Our population was similar to the Framingham population with regard to stage and risk stratification. [16] Blood pressure control rate was 53.5%, where the higher the stage, the poorer was the BP control. This figure is better than previous findings (21%) reported by Limansky et al.[17]

Berlowitz et al evaluated predictors of intensity of treatment in a population of 800 hypertensive men in five Veterans Administration (VA) hospitals of New England over a two-year period.[18] They arrived at similar findings: BP was poorly controlled (46.3%), patients with hypertension were not being treated aggressively enough and physicians failed to increase the dose of antihypertensive medications or to try new treatments. Their results indicate that physicians should more readily examine their approach to individual patients and identify situations in which more aggressive management may be appropriate.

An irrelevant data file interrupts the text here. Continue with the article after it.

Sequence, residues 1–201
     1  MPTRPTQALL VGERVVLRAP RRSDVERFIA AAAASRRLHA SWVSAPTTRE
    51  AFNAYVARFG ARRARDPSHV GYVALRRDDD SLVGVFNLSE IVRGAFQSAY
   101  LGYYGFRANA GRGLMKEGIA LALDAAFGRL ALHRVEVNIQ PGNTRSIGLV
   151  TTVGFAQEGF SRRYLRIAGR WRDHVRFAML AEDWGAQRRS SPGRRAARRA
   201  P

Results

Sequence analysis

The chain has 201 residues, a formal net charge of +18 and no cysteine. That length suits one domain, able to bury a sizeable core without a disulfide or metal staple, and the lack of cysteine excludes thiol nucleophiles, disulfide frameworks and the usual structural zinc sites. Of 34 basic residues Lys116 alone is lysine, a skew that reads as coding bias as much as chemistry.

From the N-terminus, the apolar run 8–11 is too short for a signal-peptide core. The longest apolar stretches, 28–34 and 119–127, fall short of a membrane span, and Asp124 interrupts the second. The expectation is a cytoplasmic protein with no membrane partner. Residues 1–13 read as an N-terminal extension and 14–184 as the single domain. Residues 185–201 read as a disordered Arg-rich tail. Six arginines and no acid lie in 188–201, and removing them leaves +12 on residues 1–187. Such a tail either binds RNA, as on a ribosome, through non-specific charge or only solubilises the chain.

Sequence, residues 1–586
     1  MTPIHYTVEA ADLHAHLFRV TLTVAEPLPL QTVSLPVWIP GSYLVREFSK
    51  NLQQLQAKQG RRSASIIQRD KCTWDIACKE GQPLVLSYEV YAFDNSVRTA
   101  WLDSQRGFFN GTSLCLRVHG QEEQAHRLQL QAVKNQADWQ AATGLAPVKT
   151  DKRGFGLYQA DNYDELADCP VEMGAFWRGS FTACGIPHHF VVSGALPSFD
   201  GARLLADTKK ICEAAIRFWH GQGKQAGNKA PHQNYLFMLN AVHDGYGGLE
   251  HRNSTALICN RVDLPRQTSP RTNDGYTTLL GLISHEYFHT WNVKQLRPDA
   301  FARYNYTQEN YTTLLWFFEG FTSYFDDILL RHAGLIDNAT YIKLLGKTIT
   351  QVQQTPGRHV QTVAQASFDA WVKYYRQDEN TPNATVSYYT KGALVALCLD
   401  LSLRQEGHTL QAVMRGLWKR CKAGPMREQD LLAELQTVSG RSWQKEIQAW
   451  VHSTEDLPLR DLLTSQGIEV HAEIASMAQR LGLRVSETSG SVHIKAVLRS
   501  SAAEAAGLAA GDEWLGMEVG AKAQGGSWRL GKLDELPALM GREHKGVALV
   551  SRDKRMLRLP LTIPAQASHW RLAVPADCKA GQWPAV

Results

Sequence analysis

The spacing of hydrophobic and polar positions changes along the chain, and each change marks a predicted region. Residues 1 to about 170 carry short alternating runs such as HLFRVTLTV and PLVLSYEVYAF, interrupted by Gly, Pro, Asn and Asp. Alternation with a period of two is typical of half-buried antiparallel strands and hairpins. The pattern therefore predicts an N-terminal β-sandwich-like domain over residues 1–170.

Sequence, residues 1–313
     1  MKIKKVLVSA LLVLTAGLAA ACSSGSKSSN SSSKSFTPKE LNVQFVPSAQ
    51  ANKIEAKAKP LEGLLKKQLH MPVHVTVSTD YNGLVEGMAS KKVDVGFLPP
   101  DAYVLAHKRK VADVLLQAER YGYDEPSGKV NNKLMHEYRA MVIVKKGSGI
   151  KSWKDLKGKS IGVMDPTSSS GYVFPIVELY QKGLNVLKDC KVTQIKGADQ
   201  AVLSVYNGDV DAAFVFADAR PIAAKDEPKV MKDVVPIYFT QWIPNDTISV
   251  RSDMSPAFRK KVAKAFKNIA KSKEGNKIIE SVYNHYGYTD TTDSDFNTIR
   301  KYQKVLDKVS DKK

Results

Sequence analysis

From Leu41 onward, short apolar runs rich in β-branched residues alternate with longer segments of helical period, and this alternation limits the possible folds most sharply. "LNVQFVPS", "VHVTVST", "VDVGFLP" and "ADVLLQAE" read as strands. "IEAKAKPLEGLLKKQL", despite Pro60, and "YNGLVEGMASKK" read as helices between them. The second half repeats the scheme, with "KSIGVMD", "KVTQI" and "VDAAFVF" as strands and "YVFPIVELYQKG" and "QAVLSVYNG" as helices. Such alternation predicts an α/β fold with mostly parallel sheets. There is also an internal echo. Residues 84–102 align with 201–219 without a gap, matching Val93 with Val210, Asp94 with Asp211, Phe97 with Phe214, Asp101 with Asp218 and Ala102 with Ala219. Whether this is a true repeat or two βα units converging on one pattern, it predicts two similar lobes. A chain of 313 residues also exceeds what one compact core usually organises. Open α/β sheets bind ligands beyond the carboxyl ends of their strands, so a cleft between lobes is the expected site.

In relation to drug choice, agents recommended by international guidelines were also the first-line drugs used; however, thiazides were prescribed less frequently than expected.[9,15,19] Only 43% of hypertensive patients in our study received two drugs or more. This constituted an indirect marker of clinical inertia because according to JNC VII most patients require two drugs or more to attain BP control.

Limitations

This study was a retrospective analysis based on clinical records review, which might have led to bias due to insufficient and/or incorrect documentation.

Digit preference, rounding blood pressure measurement to the nearest 10 mmHg, is a very common phenomenon and was another limitation of the study. Because of the possibility of errors in measurement we decided to slightly modify the threshold for control to leq140/90 mmHg instead of the <140/90 mmHg recommended by the JNC VI. These modifications might have influenced the assessment of control of hypertension and limited comparisonwith other studies.